Of all the stories that comprise The Canterbury Tales, certain ones have attracted more attention than others in terms of literary scholarship and canonization. The Monk's Tale, for instance, was popular in the decades after Chaucer's death, but has since suffered critical neglect, particularly in the twentieth century. The opposite has occurred with the Nun's Priest's Tale, which has long been one of the most popular and widely discussed of the tales, cited by some critics as the most essentially 'Chaucerian' of them all.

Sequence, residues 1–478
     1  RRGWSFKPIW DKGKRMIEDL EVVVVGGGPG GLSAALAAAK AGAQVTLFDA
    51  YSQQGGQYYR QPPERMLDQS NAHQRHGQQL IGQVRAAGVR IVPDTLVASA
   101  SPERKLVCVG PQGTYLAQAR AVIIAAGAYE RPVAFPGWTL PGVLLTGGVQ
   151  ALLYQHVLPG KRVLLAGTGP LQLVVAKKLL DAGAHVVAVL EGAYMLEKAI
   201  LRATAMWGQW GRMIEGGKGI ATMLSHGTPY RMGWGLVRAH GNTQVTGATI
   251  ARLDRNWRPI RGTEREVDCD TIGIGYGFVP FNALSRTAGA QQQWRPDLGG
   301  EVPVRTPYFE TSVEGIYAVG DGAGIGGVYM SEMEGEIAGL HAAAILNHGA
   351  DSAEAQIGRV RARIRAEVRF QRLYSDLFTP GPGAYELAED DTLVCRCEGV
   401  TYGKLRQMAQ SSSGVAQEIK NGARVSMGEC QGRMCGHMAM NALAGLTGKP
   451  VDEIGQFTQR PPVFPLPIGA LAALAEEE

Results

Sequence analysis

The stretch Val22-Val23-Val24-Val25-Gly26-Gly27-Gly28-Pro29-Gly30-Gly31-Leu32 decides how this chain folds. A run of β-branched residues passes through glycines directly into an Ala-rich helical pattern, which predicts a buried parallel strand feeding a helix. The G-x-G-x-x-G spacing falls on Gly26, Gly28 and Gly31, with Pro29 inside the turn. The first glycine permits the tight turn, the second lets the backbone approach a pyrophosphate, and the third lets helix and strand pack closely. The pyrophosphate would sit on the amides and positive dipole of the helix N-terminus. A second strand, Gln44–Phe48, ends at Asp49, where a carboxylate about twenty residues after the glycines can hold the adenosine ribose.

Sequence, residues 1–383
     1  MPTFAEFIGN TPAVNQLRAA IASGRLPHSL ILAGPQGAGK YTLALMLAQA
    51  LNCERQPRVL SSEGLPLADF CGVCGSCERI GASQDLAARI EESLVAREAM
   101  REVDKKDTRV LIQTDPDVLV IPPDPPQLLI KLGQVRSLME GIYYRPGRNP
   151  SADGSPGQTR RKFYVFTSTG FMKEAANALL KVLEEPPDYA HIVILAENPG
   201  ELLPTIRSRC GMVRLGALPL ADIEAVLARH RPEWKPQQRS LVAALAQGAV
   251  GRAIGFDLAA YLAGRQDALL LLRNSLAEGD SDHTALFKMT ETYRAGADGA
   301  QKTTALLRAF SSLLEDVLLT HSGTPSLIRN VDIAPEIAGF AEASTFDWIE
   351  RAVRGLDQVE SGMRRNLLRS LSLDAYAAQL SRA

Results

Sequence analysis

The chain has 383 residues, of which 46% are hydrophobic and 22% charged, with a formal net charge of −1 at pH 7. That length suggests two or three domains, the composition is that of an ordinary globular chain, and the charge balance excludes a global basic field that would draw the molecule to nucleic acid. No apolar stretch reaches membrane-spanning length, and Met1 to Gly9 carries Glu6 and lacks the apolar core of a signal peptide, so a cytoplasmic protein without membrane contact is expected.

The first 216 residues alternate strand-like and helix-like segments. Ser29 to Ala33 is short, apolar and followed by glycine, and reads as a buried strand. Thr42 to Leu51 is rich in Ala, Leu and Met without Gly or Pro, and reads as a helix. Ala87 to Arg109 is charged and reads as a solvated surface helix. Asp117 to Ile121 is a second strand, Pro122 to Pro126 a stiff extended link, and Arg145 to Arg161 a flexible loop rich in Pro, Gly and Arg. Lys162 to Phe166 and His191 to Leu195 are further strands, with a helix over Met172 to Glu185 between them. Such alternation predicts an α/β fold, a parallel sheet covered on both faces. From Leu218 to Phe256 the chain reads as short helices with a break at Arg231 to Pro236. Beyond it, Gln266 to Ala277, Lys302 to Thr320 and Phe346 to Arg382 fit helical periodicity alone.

This annotated bibliography is a record of all editions, translations, and scholarship written on The Monk's Tale and the Nun's Priest's Tale in the twentieth century with a view to revisiting the former and creating a comprehensive scholarly view of the latter. A detailed introduction summarizes all extant writings on the two tales and their relationship to each other, giving a sense of the complexity of Chaucer's seminal work and the unique function of its component stories. By dealing with these two tales in particular, this bibliography suggests the complicated critical reception and history of The Canterbury Tales.